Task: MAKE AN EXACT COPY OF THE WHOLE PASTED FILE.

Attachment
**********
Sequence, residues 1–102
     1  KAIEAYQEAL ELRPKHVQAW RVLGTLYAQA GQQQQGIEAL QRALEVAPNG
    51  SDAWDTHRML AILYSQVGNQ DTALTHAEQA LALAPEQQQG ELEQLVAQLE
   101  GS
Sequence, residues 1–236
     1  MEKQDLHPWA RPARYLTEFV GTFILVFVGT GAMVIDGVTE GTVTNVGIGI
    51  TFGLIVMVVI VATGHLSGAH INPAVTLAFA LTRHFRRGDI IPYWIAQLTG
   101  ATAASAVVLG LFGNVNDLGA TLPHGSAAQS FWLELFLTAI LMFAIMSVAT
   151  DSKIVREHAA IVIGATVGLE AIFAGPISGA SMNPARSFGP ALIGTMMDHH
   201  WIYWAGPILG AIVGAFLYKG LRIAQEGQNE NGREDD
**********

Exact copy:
Sequence, residues 1–102
     1  KAIEAYQEAL ELRPKHVQAW RVLGTLYAQA GQQQQGIEAL QRALEVAPNG
    51  SDAWDTHRML AILYSQVGNQ DTALTHAEQA LALAPEQQQG ELEQLVAQLE
   101  GS
Sequence, residues 1–236
     1  MEKQDLHPWA RPARYLTEFV GTFILVFVGT GAMVIDGVTE GTVTNVGIGI
    51  TFGLIVMVVI VATGHLSGAH INPAVTLAFA LTRHFRRGDI IPYWIAQLTG
   101  ATAASAVVLG LFGNVNDLGA TLPHGSAAQS FWLELFLTAI LMFAIMSVAT
   151  DSKIVREHAA IVIGATVGLE AIFAGPISGA SMNPARSFGP ALIGTMMDHH
   201  WIYWAGPILG AIVGAFLYKG LRIAQEGQNE NGREDD